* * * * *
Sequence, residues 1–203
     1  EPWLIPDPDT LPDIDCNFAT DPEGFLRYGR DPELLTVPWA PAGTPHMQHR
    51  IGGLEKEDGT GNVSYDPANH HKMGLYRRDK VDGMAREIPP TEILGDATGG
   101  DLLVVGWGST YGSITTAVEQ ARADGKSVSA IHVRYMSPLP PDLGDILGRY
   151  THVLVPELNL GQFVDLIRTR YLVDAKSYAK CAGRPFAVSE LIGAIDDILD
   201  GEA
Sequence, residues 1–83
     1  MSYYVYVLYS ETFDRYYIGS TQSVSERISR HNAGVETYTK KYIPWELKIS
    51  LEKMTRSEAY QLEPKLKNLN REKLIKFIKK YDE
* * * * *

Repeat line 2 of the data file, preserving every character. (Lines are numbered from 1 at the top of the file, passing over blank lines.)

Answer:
     1  EPWLIPDPDT LPDIDCNFAT DPEGFLRYGR DPELLTVPWA PAGTPHMQHR